Load temps never got higher than 60C when running continuous gaming benchmarks with automatic fan speeds, so the cooling system definitely does the job, and there is a lot of temperature headroom left for the GPU. The noise at 100% speed was much lower than some other products I've tested recently that had squirrel cage blowers. For me, this type of fan noise is less irritating than what a radial fan produces, but I still prefer a design that pushes all the heated air out the back of the case. For normal usage patterns including gaming, I'd leave the fan settings on Auto. For benchmarking, it's worth putting up with a tiny little bit more noise, and drive the fan at 100%.

FurMark is an OpenGL benchmark that heavily stresses and overheats the graphics card with fur rendering. The benchmark offers several options allowing the user to tweak the rendering: fullscreen / windowed mode, MSAA selection, window size, duration. The benchmark also includes a GPU Burner mode (stability test). FurMark requires an OpenGL 2.0 compliant graphics card with lot of GPU power!

EVGA_GeFORCE_GTX460_SC_furmark_temp.jpg

FurMark does do two things extremely well: drive the thermal output of any graphics processor higher than any other application or video game, and it does so with consistency every time. While FurMark is not a true benchmark tool for comparing different video cards, it still works well to compare one product against itself using different drivers or clock speeds, or testing the stability of a GPU, as it raises the temperatures higher than any program. But in the end, it's a rather limited tool.

In our next section, we discuss electrical power consumption and learn how well (or poorly) each video card will impact your utility bill...



 

Comments 

 
# RE: EVGA GTX 460 SC Superclocked Video CardDoug 2010-09-06 21:52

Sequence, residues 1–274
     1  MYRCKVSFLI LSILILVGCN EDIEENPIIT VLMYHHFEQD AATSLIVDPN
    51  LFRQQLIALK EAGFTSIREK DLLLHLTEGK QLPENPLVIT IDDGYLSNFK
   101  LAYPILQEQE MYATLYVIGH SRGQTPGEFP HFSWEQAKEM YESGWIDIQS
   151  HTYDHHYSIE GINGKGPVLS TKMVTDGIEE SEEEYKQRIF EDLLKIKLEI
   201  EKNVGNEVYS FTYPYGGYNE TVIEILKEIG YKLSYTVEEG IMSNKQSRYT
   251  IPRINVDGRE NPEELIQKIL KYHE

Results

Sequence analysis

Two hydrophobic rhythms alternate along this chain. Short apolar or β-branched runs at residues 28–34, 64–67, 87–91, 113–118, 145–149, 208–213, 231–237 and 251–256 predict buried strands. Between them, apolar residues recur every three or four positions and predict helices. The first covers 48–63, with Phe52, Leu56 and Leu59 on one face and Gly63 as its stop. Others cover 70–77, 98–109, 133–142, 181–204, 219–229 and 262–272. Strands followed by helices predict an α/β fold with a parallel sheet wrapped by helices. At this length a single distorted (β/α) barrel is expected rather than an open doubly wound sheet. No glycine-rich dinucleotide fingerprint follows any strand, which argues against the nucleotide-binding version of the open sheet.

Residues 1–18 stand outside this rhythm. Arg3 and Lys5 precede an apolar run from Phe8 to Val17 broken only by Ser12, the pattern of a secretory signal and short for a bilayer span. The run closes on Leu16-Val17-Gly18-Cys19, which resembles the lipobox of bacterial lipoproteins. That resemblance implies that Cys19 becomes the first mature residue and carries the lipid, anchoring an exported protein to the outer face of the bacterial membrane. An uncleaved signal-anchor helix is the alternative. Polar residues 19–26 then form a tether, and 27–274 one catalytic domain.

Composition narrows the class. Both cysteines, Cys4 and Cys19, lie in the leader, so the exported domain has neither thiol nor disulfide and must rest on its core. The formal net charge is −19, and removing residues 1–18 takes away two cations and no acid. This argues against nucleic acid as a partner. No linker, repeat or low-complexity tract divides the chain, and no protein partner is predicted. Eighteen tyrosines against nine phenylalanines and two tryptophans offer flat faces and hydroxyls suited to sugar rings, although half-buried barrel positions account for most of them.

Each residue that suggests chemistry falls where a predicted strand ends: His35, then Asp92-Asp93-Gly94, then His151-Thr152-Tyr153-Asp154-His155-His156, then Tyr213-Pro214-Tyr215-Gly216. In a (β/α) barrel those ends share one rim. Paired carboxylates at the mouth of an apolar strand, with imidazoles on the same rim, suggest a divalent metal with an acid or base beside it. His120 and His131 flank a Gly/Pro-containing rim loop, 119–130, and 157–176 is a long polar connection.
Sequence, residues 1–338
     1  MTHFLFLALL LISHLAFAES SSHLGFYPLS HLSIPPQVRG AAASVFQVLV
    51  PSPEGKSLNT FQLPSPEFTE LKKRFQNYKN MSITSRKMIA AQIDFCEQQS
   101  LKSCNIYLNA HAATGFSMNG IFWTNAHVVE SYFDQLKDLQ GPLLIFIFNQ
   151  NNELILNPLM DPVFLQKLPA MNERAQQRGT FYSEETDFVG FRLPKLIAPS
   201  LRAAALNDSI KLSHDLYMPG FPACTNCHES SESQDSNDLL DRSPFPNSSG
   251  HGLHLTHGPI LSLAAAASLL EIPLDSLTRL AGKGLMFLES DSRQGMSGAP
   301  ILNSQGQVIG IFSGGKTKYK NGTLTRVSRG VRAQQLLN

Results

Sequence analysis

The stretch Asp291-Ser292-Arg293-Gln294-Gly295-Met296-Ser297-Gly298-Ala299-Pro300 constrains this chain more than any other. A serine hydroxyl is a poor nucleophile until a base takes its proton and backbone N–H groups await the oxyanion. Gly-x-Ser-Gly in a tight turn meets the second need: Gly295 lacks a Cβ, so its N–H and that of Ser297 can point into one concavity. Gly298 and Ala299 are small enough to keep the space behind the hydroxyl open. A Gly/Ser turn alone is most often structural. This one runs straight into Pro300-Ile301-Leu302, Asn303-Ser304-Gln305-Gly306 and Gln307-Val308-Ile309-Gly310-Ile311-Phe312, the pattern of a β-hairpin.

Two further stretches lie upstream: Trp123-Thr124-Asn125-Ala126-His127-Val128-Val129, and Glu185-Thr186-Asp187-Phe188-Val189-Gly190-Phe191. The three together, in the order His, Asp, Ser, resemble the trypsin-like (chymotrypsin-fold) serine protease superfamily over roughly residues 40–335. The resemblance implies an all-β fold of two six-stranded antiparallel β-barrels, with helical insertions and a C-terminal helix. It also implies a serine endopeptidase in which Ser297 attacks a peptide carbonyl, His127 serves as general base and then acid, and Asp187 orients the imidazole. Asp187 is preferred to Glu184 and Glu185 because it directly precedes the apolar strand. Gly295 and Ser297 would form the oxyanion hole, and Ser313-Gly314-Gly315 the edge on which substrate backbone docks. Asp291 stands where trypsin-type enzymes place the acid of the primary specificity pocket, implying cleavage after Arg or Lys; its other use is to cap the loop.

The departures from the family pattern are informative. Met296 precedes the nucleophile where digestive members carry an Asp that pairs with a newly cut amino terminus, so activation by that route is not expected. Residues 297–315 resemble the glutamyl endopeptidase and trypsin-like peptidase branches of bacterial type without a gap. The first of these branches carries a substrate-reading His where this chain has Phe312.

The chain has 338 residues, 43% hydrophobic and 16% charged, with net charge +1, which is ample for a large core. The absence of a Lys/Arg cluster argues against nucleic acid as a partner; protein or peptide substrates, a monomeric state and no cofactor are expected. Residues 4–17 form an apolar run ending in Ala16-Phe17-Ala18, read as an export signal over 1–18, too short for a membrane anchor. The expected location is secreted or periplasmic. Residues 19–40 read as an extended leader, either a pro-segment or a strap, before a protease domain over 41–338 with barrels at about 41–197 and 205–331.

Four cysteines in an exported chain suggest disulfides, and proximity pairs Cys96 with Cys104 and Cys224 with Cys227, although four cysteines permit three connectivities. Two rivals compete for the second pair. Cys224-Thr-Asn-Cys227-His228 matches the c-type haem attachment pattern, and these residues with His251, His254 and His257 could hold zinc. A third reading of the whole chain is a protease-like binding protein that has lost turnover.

You've probably been asked this before, but how would a stock 460 in SLI mode compare to the 480 series top of the line with turbo and supercharger? I'm asking because this card right now is 179.00 at Amazon:
EVGA GeForce GTX460 768MB DDR5 PCI-Express 2.0 Graphics Card 768-P3-1360-TR

And this one is 189.00
EVGA 768-P3-1362-TR GeForce GTX460 768 MB Superclocked DDR5 PCI-Express 2.0 Graphics Card

So for under 380.00US you can have two 460s. Also, would it help to have a MB with two PCIE x16 slots instead of 1 x16 and 1 x8?
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# EVGA GTX 460 SC Video CardRobert Johnson 2010-09-06 22:22
Doug, I think you'll find an SLI of two EVGA GTX 460 SC video cards will perform better than a GTX 480. However than difference might narrow or go away altogether if you are using very high resolution monitors, let's say beyond 1920 x 1080 with anything beyond 24 inches. This is well worth the money. Two of these video cards should run relatively cool inside your chassis.
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# RE: EVGA GTX 460 SC Superclocked Video CardDoug 2010-09-06 23:10
That's nice. My mother board, the Gig x58 UD5 rev.1, is laid out so I can plug them both into x16 PCI slots. I have three monitors. One 23" 1900 x 1080; one 23" at 1920 x 1200; and a 26" at 1920x1200. But I don't need all three to play games. I do need all three for graphics and work. I'm running all three right now with a single GTX 295, and I can play Eve on the 26" windowed with no slowdown. But Eve isn't a graphics intensive game.
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# RE: RE: EVGA GTX 460 SC Superclocked Video CardOlin Coles 2010-09-07 07:27